I think FIA race director Charlie Whiting does a really good job and his team are consistent at every race. If there was something I feel that needs to be changed, it’s the stewarding gift that the FIA hands local motoring club officials at each race plus a retired driver. The FIA have said in the past that they use this system because they can’t afford to hire three permanent staff people for every race around the world. I would argue they can and the health of the sport depends on it. They don’t because they are greasing the hands of local motoring club officials who send yearly dues to the FIA and this keep the revenue stream going. Trust me, I understand that, I really do, but I feel like the sport has progressed beyond that model if I’m honest.

The FIA has a 1% ownership in F1 and perhaps if that’s a bugbear to the Liberty Media buyout and prompts concern for the EU Commission, then that 1% could be converted to a staff fund where the FIA’s 1% is not an asset they own but a bankroll that the permanent race steward expenses come out of. I have no idea, I’m just spit-balling here but get creative.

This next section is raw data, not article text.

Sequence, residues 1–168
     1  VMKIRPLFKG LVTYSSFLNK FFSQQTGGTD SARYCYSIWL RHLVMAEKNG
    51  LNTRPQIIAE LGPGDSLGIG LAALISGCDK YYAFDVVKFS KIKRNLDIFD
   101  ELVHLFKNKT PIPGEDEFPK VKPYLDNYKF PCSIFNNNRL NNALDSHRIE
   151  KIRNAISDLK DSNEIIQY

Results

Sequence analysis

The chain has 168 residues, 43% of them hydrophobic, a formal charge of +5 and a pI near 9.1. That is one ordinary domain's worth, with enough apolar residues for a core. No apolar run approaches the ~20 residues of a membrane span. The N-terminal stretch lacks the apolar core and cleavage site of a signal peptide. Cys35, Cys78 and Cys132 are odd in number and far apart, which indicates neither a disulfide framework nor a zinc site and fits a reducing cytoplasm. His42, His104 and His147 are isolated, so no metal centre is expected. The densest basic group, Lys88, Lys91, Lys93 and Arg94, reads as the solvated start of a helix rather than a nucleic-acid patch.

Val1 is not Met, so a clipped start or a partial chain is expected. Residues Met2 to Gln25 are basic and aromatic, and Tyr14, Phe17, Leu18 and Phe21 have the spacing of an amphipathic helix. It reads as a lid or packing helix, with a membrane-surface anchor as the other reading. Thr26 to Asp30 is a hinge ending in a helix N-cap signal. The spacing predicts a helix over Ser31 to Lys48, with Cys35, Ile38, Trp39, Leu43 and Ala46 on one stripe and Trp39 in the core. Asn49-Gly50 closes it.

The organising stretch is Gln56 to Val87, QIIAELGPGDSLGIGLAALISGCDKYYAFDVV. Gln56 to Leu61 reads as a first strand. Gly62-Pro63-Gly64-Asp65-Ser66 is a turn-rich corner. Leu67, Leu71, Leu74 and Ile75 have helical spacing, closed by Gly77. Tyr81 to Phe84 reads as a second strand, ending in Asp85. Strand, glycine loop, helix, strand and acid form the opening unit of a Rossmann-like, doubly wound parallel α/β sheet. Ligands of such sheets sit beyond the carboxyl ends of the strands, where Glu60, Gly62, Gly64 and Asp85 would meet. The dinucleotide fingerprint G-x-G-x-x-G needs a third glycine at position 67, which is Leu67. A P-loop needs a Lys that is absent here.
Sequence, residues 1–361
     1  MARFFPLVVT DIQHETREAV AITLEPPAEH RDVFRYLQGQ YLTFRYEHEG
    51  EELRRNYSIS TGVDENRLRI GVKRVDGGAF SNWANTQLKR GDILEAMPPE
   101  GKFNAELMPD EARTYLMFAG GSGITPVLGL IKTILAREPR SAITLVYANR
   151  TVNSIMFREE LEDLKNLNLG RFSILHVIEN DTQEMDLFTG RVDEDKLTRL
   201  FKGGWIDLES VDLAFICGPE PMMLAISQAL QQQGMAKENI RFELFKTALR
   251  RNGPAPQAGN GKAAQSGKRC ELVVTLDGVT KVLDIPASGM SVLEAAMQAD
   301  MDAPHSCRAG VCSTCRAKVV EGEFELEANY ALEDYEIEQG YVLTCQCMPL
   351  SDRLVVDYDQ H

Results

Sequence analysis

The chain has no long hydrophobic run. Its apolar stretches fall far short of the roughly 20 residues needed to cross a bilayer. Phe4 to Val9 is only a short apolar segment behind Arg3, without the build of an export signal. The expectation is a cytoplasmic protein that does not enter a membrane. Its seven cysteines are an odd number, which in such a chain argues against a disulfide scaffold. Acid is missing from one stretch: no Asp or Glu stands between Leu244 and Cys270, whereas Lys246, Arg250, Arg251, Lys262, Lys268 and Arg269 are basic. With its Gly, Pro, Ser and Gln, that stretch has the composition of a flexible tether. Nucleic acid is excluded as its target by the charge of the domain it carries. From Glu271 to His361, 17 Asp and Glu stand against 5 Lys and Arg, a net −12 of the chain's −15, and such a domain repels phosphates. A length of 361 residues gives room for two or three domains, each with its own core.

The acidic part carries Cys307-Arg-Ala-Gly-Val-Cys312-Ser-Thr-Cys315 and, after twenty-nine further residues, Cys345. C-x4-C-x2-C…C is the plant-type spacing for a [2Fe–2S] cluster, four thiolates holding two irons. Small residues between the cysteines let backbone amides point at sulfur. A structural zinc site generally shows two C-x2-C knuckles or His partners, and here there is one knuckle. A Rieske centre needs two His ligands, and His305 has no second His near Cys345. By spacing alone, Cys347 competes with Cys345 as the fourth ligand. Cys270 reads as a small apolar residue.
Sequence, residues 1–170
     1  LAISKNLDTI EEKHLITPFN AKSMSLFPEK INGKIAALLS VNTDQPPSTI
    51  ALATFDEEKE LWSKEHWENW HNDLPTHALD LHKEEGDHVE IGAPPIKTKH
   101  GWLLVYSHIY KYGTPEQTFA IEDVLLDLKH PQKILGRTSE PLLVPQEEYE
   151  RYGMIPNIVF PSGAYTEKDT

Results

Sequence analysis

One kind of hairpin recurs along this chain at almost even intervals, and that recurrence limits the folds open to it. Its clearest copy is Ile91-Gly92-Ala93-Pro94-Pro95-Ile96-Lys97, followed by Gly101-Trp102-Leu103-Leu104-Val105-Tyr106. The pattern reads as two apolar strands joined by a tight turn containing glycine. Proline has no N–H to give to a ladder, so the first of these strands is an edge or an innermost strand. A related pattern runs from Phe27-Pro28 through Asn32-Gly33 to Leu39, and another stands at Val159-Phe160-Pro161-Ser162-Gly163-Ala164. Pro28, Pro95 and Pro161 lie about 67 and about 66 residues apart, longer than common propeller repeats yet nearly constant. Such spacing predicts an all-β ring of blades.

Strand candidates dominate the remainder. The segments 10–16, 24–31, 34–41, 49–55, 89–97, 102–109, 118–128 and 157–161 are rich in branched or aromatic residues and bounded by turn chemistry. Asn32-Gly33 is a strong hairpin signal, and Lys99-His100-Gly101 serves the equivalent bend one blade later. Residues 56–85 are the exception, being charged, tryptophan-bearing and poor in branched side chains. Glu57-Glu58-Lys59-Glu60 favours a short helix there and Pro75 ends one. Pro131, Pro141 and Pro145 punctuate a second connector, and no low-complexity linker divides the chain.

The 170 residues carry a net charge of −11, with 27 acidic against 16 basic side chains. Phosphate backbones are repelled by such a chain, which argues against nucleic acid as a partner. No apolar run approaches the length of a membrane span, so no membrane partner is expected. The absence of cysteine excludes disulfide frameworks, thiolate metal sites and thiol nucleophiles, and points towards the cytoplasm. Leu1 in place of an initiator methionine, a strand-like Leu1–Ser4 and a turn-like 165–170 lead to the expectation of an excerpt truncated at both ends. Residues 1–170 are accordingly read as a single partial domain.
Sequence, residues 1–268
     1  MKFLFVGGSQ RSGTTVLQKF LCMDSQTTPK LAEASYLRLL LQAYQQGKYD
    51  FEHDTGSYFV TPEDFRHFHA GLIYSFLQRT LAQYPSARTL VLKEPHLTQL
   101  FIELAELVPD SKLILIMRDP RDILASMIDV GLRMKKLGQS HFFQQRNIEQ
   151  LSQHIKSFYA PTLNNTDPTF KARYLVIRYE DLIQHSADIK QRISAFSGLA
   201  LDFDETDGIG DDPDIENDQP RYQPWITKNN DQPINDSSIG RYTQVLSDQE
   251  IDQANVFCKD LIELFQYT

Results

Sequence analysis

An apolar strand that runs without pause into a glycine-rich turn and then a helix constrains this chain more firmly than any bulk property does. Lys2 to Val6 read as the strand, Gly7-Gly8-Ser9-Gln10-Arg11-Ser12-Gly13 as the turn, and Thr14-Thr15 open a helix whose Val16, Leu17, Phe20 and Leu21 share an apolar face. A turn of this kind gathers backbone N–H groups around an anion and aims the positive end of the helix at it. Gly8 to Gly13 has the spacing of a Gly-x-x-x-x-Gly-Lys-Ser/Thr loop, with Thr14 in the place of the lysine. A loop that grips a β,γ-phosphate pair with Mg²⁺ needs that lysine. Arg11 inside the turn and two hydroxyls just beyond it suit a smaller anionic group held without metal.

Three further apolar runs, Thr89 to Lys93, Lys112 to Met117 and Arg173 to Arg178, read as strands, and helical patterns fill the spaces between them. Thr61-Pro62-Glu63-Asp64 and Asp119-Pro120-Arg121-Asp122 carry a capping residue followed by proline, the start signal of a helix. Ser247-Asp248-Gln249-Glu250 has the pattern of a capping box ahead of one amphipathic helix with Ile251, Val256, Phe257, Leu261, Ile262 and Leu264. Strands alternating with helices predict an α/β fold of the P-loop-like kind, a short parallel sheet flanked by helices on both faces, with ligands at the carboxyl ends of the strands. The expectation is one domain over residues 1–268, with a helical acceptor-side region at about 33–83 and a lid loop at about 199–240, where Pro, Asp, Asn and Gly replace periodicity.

The name of the game at this point is consistency in racing, regulations and entertaining races. It will take teams, drivers, FIA and FOM to make that happen so perhaps Liberty Media will have an idea on how to get that done with a new Concorde Agreement in 2020?

PS- Max’s comment about “the same for everyone”? That why I don’t like DRS, it isn’t the same for the leader as it is the trailing car. Especially if the leader is down on paower but fast enough to keep a faster car behind him…like Massa in Mexico and thankfully for Williams, the nature of the track neutered the DRS for Hulkenberg.

Hat Tip: Motorsport

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The steward’s biographies are published by the FIA each race. For Mexico they were: An Australian, a Spaniard and an American. All have significant experience in top level motorsport. I don’t think in this case they were local motoring club officials. Over behind AUTOSPORT’s pitwall is an article explaining why permanent stewards aren’t used. It proposes that a team of permanent stewards would cost a million a year once travel was factored in. As FOM won’t pay (they are in it to make money) the cash would have to come from drivers (fifty thousand each on their super… Read more »